Innovation in the ClassRoom

Active Learning envirmoment

Active Learning enviroment

Summary of “Pedagogy Matters, Too: The Impact of Adapting Teaching Approaches to Formal Learning Environments on Student Learning” – D. Christopher Brooks, Catherine A. Solheim

In this article, D. Brooks and Catherine Solheim examines the how students learn and receive information when taught in an active learning environment. The study began in the fall 2009 on the campus of the university of Minnesota. The experimenters wanted to produce constant data over multiple semesters. So the study was conducted using the same instructor, classroom (student in the ALC), and personal finance course.

Once Brook and Solheim, created the constant they started the active learning experiment, also known as the qusi-experiment. The course –Personal Family Finance converted from a traditional lecture into an active learning environment. In the team learning environment, the students had mandatory class attendance, viewed videos, and other required material before each class. (Brown 54) Also the traditional use of hardback textbooks were nixed from the active classroom setting and now student receive crucial information through technological mediums.

After the active learning approach had been implemented to the personal Finance course, brown and Solheim collected data from one-hundred and eleven students who had been expose to the active learning course in the fall of 2009. The Students were asked at the end of the semester to complete a forty-five question survey on their experience in the active learning environment. Once the data was collected, brown and solhiem observed that the student who took the traditional Personal Finance course in the fall of 2008 received an overall grade of 81.80 and the students who were exposed to the qusi-experiment in the fall of 2009 received an overall grade of 85.50. (Brown 56) These results reinforced the experimenter’s original hypothesis that the active learning approach would increase the grade average of student who were actively engaged in the learning process then those who are not.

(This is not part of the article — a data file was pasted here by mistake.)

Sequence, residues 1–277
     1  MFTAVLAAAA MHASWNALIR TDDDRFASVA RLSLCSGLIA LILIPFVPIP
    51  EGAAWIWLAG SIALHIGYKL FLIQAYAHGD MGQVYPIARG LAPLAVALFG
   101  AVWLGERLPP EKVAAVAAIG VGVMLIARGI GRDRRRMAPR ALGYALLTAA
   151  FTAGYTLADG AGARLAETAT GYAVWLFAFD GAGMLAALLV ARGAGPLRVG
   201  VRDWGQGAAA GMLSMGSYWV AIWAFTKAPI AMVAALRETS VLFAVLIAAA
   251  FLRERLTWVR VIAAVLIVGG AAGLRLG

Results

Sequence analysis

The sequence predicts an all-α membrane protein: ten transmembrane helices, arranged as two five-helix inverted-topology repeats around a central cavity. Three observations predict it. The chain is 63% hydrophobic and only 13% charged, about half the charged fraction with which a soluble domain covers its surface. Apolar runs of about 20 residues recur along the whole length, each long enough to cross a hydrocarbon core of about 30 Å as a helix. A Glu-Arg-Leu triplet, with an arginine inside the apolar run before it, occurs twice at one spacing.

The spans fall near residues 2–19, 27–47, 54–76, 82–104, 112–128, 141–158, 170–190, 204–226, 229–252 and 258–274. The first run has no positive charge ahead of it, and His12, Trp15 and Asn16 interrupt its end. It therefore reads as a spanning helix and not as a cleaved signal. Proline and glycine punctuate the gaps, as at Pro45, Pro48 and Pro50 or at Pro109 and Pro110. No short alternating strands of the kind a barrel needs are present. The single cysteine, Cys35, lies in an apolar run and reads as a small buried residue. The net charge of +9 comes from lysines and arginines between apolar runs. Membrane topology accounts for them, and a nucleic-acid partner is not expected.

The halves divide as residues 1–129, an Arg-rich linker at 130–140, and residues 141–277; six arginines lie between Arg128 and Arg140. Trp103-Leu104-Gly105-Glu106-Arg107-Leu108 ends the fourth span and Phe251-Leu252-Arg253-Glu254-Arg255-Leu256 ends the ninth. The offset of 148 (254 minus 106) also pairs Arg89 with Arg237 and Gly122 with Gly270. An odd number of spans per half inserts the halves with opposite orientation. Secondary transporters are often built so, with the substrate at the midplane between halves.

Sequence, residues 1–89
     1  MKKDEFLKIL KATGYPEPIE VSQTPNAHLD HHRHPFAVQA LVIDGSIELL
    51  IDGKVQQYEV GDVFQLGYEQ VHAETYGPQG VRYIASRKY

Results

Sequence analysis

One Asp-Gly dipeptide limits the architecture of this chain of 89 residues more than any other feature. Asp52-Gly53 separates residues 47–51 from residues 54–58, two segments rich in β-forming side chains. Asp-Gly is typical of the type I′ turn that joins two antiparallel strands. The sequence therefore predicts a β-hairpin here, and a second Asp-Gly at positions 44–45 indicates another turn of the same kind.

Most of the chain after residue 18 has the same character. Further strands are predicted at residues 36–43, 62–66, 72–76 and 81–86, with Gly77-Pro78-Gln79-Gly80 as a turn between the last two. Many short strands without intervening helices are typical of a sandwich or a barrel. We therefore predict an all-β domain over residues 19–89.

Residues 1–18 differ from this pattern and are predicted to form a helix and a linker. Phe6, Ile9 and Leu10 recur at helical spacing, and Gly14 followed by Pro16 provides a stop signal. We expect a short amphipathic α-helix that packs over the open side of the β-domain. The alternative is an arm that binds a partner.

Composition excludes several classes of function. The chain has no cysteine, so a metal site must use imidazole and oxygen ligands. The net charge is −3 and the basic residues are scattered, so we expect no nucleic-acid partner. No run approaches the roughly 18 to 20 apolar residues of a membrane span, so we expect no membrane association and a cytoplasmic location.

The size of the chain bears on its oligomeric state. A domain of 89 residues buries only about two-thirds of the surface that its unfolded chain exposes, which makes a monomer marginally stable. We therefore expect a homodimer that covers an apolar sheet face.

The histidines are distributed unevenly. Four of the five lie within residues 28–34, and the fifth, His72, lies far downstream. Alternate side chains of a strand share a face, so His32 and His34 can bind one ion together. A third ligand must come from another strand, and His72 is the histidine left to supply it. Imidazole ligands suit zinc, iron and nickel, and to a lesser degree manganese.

In addition to the initial results displayed about the increase in grade point average in students in the active learning course, another explanation is the difference in presentation the course assignments. This is due to the fall 2009 ALC students having been introduce to the assigments in an engaged manner than the traditional learning students. The data collected that students that received engaged approach to major course assignments produced high averages. ALC students received 14.60 percent higher on participation, 5.36 percent on the financial planner, 6.43 percent on case studies, 13.60 percent on the final exam, and 9.31 on various quizzes. (Brown 58)


Fortunately, the final condenses of the qusi-experiment conducted by Brown and Solhiem rendered three conclusions. The first is that the ALC learning approach should be considered in colleges and universities. Secondly, instructors teaching the course should approach the course which an active learning mentality.  And the third conclusion is that there is more than ALC method of teaching, and each instructor must find the style and method that is most effective for them as in individual.

As time continues and technology becomes more prevalent in our everyday society active learning approach will be implemented more over time.

Brooks, D. Christopher, and Catherine A. Solheim. “Pedagogy Matters, Too: The Impact of Adapting Teaching Approaches to Formal Learning Environments on Student Learning.” New Directions for Teaching & Learning 2014, no. 137 (Spring 2014): 53. doi:10.1002/tl.20085.

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